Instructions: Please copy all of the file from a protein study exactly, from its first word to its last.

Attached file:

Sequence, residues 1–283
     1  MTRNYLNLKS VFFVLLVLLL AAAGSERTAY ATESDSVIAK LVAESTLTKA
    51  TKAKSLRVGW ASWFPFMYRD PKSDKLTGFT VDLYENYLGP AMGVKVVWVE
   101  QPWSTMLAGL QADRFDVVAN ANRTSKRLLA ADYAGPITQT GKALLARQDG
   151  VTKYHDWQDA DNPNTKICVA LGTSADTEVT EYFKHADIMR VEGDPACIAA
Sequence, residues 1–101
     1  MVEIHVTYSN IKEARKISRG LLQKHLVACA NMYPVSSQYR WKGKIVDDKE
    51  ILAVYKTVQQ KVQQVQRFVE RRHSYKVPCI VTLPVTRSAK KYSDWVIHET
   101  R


Sequence, residues 1–283
     1  MTRNYLNLKS VFFVLLVLLL AAAGSERTAY ATESDSVIAK LVAESTLTKA
    51  TKAKSLRVGW ASWFPFMYRD PKSDKLTGFT VDLYENYLGP AMGVKVVWVE
   101  QPWSTMLAGL QADRFDVVAN ANRTSKRLLA ADYAGPITQT GKALLARQDG
   151  VTKYHDWQDA DNPNTKICVA LGTSADTEVT EYFKHADIMR VEGDPACIAA
Sequence, residues 1–101
     1  MVEIHVTYSN IKEARKISRG LLQKHLVACA NMYPVSSQYR WKGKIVDDKE
    51  ILAVYKTVQQ KVQQVQRFVE RRHSYKVPCI VTLPVTRSAK KYSDWVIHET
   101  R